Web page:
In the UK, there is little published research on the effectiveness of ACP, despite its introduction into policy. This study was designed to explore in greater depth how ACP can best be carried out in routine practice. It affords the opportunity to develop both a theoretical and practical understanding of an area which both patients and professionals may find emotionally challenging. Importantly the study will also develop practical tools, which are grounded in practice, for all relevant stakeholders to enable the facilitation of timely and sensitive ACP discussions.
Life expectancy is increasing by two years every decade. Currently older people represent the fastest growing sector of our population, with those over 60 years of age comprising one fifth of the population. The largest population increase will be seen in the oldest old i.e. people over 85 years. An ageing population will undoubtedly lead to an increased incidence of long term conditions, especially age-related illness such as osteoarthritis and dementia .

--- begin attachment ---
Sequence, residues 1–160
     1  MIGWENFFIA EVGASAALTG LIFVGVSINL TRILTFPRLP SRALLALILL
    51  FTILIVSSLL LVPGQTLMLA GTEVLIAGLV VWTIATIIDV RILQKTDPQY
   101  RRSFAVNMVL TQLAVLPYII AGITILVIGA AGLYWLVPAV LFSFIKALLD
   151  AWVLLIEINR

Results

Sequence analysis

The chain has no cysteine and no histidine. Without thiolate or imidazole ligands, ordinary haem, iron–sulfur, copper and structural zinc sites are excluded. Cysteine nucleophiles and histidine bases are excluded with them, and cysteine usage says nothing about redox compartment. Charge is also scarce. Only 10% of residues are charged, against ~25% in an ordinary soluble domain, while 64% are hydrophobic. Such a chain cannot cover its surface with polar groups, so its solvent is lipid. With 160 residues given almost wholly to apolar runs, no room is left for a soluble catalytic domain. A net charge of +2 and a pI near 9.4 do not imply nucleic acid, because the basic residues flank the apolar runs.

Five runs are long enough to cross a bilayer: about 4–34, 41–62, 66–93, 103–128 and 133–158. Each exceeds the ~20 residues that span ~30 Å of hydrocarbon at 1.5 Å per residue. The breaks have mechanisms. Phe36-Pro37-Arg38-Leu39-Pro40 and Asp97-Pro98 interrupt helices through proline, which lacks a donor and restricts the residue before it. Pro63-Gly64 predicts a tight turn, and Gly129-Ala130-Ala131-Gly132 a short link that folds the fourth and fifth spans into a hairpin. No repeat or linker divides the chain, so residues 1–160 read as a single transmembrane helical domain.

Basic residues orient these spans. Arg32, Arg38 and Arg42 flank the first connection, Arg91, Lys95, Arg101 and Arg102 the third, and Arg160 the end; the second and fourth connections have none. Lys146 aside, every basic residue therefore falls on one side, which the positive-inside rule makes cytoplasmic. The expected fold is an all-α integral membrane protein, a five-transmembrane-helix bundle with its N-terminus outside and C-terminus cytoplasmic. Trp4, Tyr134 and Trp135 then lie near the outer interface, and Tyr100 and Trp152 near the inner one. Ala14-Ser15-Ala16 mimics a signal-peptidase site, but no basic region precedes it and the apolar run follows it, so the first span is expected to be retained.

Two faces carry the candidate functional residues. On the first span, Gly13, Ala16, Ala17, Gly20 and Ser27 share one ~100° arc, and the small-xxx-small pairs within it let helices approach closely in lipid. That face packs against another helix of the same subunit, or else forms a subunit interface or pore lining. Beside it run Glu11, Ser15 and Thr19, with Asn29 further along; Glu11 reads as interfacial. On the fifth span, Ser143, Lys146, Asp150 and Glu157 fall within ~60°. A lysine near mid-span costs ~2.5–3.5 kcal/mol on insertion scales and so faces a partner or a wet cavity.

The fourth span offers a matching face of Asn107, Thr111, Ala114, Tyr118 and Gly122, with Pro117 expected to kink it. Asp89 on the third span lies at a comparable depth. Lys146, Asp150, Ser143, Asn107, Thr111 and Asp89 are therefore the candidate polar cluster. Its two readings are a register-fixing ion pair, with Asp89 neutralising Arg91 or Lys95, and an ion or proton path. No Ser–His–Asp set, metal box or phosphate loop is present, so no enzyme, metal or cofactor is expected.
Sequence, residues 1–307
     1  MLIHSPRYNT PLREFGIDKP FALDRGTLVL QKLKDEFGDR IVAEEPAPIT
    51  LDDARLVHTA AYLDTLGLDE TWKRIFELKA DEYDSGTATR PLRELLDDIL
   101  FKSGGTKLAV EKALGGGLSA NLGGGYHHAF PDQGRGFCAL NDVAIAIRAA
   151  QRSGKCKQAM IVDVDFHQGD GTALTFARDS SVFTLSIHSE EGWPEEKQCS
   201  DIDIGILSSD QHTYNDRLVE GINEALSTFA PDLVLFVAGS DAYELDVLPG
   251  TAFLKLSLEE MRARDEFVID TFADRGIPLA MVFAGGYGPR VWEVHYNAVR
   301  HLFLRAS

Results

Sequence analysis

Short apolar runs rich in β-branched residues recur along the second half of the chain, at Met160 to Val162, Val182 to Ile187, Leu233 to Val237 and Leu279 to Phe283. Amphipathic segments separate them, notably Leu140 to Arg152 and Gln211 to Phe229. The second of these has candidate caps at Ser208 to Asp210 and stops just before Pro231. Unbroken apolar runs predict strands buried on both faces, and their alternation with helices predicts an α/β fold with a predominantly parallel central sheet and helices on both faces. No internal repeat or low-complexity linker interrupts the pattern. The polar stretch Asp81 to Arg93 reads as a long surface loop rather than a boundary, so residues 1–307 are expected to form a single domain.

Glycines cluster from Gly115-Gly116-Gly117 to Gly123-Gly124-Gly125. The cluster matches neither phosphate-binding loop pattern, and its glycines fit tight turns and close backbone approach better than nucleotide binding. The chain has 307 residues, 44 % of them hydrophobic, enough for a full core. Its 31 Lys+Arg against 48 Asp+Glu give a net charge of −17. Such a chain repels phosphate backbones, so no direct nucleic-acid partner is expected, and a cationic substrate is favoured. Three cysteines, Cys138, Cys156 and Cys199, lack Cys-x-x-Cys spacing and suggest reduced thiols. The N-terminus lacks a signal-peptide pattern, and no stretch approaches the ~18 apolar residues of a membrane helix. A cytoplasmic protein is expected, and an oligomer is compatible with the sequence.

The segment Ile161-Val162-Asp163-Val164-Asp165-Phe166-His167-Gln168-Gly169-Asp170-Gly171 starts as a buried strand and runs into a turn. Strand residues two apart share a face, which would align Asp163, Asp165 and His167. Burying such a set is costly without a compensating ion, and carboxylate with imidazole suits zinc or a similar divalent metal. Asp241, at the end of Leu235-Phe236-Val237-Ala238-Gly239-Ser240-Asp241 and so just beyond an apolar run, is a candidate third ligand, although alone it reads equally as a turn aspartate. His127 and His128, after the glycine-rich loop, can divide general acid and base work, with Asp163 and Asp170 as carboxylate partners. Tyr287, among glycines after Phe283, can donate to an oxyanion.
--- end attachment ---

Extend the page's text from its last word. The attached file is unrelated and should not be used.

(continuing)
In the United Kingdom, improving the health and social care of our ageing population is one of the government's strategic priority areas [2, 3]. However there is clear evidence that the quality of care received by some older people is suboptimal, for example people with advanced dementia experience inappropriate hospital admissions, inadequate symptom management and a lack of integrated care at the end of life [4, 5]. In addition in terms of patient choice, most older people would choose to die in their own homes [6, 7]; however very few people with dementia die at home or in a hospice .